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Retile? Why not paint?

Retiling is arguably one of the most gruelling parts of any renovation; the effort alone to remove the tiles is enough to make most people run for the hills. Renovators have their own horror stories of continuous hammering and the resultant shards and dust in their to-be-renovated bathrooms and kitchens.


Furthermore, retiling is undoubtedly expensive and time consuming; apart from the labour costs, replacing it can send any budget spiralling. So, what to do if you simply don’t have the time, budget or the inclination to retile your bathroom or kitchen?

Paint it! Yes, paint will do the trick and give a quick makeover without breaking your back or the bank. Today’s paint technology and techniques are sophisticated and cover most surfaces, including tiles. The most effort is really the surface preparation and priming, which will, in turn, ensure that your newly painted tiles stand the test of time.

* The right paint 
Firstly, and quite obviously, choose your paint colour and ensure that it is steam resistant and therefore suitable for areas such as kitchens and bathrooms. The label will clearly indicate what the indoor paint can be used for, be it water- or oil-based. The key is to read the label properly to ensure it can handle conditions that are less ventilated and more humid.

* Clean equals success
Secondly, and importantly, is preparing the surface. Ensure the surrounding area is protected from any dust or paint. 

Next, take a suitable detergent and wash down the tiles to remove all dust and grease. For the grouted areas use a nail brush or similar to get right into the joins. If there are any cracked or chipped tiles, these will have to be repaired or replaced in order to achieve the best possible result and a uniform finish.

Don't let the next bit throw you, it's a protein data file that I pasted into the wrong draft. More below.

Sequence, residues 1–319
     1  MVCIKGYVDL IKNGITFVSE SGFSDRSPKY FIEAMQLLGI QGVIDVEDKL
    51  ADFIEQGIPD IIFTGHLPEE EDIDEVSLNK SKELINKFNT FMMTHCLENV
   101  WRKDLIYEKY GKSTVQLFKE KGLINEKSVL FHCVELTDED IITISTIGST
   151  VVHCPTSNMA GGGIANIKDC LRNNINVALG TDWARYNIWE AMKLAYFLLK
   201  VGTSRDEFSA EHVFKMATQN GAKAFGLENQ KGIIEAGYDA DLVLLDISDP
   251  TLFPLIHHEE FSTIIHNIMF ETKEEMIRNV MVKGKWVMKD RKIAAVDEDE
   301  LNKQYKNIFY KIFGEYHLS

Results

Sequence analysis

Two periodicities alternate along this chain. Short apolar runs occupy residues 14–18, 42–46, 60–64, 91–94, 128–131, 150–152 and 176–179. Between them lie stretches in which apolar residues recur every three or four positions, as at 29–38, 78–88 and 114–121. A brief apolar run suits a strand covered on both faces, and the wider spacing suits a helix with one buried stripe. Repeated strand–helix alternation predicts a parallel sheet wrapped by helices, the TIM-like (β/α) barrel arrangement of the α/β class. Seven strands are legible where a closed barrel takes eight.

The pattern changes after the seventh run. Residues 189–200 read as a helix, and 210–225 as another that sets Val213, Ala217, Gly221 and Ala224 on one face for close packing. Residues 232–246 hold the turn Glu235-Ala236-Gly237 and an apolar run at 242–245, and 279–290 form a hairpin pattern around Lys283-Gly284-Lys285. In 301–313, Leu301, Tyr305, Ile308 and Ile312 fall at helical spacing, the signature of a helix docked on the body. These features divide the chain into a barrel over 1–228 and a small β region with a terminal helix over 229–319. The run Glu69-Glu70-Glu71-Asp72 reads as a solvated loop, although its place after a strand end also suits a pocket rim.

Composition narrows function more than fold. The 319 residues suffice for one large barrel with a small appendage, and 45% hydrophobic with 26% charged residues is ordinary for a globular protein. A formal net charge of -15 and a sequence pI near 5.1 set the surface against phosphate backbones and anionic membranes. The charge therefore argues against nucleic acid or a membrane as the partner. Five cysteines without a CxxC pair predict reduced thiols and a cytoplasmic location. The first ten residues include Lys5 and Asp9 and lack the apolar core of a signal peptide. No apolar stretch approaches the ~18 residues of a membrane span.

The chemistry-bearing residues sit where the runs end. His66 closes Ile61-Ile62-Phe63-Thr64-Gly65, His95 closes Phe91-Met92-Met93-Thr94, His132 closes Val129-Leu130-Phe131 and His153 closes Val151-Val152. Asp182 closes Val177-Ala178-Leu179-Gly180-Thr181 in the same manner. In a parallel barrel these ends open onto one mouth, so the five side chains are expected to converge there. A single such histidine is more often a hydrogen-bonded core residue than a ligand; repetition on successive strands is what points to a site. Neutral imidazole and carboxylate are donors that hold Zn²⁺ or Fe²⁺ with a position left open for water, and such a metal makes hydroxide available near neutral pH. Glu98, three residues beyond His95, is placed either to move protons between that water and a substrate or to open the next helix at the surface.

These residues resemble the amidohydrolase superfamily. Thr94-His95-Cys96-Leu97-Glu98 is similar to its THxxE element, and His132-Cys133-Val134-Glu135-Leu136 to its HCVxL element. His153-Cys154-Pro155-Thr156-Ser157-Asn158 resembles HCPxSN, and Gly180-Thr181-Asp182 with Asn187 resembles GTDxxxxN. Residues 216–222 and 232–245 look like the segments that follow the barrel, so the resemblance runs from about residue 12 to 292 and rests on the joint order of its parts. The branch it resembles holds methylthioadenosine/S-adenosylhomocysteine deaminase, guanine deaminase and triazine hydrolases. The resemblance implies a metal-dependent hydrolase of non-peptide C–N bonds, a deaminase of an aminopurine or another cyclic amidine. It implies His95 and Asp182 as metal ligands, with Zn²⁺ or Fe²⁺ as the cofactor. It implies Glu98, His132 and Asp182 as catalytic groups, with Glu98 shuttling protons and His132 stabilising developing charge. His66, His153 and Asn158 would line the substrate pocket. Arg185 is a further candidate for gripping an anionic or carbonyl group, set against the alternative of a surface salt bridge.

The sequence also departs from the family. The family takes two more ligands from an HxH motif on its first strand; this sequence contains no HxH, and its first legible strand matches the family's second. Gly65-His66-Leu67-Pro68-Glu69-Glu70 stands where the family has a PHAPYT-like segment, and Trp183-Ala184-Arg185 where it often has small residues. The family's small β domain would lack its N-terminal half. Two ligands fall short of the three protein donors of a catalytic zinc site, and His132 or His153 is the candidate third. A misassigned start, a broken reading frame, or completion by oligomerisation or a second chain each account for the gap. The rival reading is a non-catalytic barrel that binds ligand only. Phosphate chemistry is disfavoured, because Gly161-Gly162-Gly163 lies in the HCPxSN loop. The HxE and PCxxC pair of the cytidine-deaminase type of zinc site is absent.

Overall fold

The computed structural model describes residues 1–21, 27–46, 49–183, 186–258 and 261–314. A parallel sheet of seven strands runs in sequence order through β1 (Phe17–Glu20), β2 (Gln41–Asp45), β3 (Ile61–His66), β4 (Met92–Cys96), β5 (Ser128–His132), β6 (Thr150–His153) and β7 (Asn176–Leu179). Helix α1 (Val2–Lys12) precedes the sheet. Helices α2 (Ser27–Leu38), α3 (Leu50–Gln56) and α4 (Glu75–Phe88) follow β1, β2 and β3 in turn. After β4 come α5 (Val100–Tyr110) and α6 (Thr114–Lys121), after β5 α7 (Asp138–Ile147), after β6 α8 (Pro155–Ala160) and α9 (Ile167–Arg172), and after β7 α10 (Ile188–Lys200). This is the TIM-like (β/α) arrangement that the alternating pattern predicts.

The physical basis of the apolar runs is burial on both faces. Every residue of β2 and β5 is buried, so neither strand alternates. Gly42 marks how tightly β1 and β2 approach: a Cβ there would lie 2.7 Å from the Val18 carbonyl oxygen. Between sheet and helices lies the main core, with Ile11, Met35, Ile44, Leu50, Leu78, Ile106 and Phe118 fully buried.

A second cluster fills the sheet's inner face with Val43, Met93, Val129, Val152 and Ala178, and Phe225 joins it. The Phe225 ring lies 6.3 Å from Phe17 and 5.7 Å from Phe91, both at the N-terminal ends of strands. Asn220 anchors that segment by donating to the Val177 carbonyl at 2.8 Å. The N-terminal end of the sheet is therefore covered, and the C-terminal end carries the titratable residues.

Once you are sure the tiles are clean, wash them down again with clean water and allow to dry. 

* Most importantly: prime
The next step is the most important as it forms an integral part of achieving a high-quality final product. Priming is critical as it seals, binds and ensures good inter-coat adhesion; so choose your primer accordingly. Again, the packaging is straightforward; you can choose primer that has been designed for tiles or universal applications.  

Don’t cut corners; an inferior and low-priced product or primer that you used as part of an exterior paint job a year ago will put some serious cracks in your tile painting efforts. As with any foundation, your priming efforts must be solid. Ultimately, primer extends the life of paint – it can withstand elements such as rising damp as it offers better alkaline properties.

Applying the primer is relatively straightforward; once the area is clean and dry, use a synthetic bristle brush and coat the tiled area evenly – smooth, vertical paint strokes are the key to achieving an even coat.

Once you have coated the entire area, you will need to leave the primer to dry, normally for several hours as indicated by the label instructions. Again, adhere to the drying time as it will contribute to the success of the final product.

After the primer is dry, rub down the entire surface with fine sandpaper and remove the dust with a lint-free cloth. Now apply the second coat of primer in the same way, and again rub down with some fine sandpaper and clean off with a lint-free cloth. 

* The end is near: paint
The next and final step is the most fun as all the preparation will start showing some results and give you a very real idea of what the finished product will look like.  

Take your natural bristle brush, or a synthetic brush if using a water-based paint, and apply the paint in much the same way as you did the primer, although it may give a better finish if you paint the grout first. 

Once you have covered the entire area, leave the paint to dry according to the manufacturer's instructions. After the paint has dried, continue with the second coat, using the same technique as before, and leave to dry thoroughly. 

The above steps are undoubtedly time consuming but not half as painful as retiling, plus it is substantially cheaper and will allow you to change your bathroom or kitchen as often as you want without the resultant dust, shards and back aches. 

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